Misleading letters to ContractorCalculator from HMRC and the Treasury concerning the Off-Payroll Tax have once again highlighted Government’s ignorant and tin-eared approach to IR35.
In May, an open letter from ContractorCalculator laid bare many of the issues with the legislation and HMRC’s Check Employment Status for Tax (CEST) tool, while debunking several false claims which Government was challenged to answer for. Disappointingly, this has only yielded dismissive responses containing familiar stock answers from HMRC and the Treasury, reinforcing the need for intervention from an independent body.
“When we published our letter, HMRC promised us ‘a substantive response’,” notes ContractorCalculator CEO Dave Chaplin. “Instead, the taxman and the Treasury have cobbled together the same boilerplate statements that we have previously debunked, and which brazenly ignore the serious issues raised.
“How much longer can the taxman continue to brazenly dismiss the mounting evidence demonstrating the damage and non-compliance caused by the Off-Payroll rules and CEST? Surely it’s now time for an independent body to step in before a private sector extension of Off-Payroll and CEST cause untold damage to UK plc.”
HMRC and HMT glaze over CEST criticisms with tired assertions
Addressed directly to Chancellor of the Exchequer Philip Hammond and HMRC Chief Executive John Thompson, ContractorCalculator’s letter highlighted a number of evidence-based issues, including:
Responses failed to sufficiently address any of the challenges posed, with both HMRC and the Treasury relaying numerous half-baked claims that have featured prominently in recent Government discourse.
HMRC repeated its assertion that CEST had been ‘rigorously tested against known case law and settled cases’, despite the admission from HMRC’s second permanent secretary Jim Harra that no evidence of such testing exists. Meanwhile, the Treasury reiterated its confidence in the tool in stating: ‘CEST gives an answer in 85% of cases and HMRC stands by those results.’
“As we have highlighted many times before, it’s not about returning an answer – it’s about returning the correct answer, which CEST continuously fails to do,” comments Chaplin. "A coin toss returns an answer 100% of the time. Does the Treasury believe that would be a suitable mechanism for determining employment status?”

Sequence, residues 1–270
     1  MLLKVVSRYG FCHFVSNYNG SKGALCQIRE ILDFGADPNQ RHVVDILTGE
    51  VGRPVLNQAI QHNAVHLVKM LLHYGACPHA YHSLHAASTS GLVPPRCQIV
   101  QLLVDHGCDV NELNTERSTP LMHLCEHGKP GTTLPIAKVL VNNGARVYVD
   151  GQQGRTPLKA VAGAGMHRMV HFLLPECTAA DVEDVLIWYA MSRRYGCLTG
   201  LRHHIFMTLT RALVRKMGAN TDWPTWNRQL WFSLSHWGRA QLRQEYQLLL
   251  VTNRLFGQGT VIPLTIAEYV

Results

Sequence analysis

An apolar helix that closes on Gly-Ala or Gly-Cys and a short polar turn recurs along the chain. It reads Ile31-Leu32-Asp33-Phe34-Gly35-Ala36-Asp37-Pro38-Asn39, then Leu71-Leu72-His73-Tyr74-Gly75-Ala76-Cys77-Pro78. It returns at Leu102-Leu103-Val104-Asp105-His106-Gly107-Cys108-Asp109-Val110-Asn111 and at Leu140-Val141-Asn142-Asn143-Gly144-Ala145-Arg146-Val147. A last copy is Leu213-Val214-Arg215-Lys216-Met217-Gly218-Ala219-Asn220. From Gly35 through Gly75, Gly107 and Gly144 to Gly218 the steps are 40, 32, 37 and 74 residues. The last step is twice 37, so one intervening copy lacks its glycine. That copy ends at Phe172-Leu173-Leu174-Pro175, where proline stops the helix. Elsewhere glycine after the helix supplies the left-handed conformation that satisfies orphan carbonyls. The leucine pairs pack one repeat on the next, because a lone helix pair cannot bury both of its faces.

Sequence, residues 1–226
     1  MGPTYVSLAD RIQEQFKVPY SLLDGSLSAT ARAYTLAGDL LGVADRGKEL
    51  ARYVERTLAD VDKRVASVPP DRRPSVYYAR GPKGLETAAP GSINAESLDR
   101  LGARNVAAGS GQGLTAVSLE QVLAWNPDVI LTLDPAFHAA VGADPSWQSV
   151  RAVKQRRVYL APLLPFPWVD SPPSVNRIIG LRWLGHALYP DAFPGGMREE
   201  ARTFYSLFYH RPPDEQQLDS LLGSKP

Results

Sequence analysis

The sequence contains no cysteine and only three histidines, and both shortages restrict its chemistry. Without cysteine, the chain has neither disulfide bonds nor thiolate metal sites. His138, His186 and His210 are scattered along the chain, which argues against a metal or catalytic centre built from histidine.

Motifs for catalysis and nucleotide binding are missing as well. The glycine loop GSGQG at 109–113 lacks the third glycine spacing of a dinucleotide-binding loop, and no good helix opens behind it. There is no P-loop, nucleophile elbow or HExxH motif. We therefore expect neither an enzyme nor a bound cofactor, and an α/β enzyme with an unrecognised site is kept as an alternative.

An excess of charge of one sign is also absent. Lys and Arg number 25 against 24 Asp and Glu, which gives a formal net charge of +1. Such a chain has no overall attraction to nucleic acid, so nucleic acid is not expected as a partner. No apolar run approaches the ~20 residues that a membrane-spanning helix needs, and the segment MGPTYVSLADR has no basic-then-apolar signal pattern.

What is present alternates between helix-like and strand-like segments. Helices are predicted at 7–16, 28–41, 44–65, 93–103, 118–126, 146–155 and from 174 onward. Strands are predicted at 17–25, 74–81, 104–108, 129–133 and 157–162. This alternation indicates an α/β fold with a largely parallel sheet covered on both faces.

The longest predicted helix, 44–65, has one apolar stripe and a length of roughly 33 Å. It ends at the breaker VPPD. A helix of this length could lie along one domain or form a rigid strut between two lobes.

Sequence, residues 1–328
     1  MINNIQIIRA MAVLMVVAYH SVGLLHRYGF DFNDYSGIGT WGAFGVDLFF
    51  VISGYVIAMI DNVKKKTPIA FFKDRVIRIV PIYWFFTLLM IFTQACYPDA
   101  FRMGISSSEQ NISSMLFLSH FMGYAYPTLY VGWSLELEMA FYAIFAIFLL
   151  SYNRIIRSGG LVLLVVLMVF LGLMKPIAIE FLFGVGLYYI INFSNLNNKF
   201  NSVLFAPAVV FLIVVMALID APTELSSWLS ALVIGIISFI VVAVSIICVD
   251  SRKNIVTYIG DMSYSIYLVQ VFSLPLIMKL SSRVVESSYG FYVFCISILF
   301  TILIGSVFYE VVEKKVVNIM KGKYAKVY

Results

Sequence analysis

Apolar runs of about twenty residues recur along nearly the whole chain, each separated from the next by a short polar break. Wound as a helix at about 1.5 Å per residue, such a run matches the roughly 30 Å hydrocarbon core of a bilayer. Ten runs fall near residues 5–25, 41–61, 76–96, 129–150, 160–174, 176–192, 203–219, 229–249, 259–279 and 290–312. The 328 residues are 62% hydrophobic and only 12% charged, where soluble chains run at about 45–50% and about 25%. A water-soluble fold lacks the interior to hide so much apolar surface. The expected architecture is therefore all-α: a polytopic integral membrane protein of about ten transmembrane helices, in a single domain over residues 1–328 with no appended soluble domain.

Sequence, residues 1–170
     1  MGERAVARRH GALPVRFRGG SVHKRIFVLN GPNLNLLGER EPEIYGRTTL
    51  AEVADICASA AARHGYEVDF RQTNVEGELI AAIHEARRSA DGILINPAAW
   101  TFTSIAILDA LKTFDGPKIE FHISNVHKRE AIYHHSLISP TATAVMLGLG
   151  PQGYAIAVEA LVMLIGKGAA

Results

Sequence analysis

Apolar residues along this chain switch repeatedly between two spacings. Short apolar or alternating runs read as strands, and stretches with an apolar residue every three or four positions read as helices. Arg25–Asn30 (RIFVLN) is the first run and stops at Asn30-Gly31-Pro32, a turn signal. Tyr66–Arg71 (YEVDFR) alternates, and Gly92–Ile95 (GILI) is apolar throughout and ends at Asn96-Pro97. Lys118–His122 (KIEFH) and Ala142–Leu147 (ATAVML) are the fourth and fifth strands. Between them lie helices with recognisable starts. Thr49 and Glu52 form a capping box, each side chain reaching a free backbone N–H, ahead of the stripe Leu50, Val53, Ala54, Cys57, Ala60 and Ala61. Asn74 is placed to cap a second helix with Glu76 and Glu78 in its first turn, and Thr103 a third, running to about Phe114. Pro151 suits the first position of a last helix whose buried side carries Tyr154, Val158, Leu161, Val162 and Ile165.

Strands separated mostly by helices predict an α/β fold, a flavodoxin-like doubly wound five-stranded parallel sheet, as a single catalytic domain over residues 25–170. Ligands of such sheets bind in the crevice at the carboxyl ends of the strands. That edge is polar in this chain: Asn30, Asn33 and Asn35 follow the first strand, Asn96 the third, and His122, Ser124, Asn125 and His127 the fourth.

Taxman and evidence-backed CEST figures poles apart
Both Government bodies remain adamant that CEST isn’t skewed towards returning an ‘inside IR35’ outcome, with HMRC claiming: ‘Over the last 12 months, over 50% of its determinations have been for self-employment or outside the off-payroll rules.’ As Chaplin highlights, the figure provided by HMRC is wildly inconsistent with the evidence:
“Our Freedom of Information (FOI) requests uncovered the results of 3,909 assessments carried out across five major public sector organisations, of which 94% were deemed within scope of IR35. In addition to this, recent analysis by Deloitte examined almost 850,000 permutations of possible results using CEST and it gave an ‘outside IR35’ determination in just 6% of cases. That’s a long way off the 50-plus-percent that HMRC maintains.”
If HMRC’s claim is to be believed, the only realistic explanation for the discrepancy between the supposed proportion of ‘outside IR35’ assessments and the actual number of contractors granted said status is unlawful blanket assessments. However, the Treasury argues: ‘Independent research suggests that this has not generally been the case in the public sector.’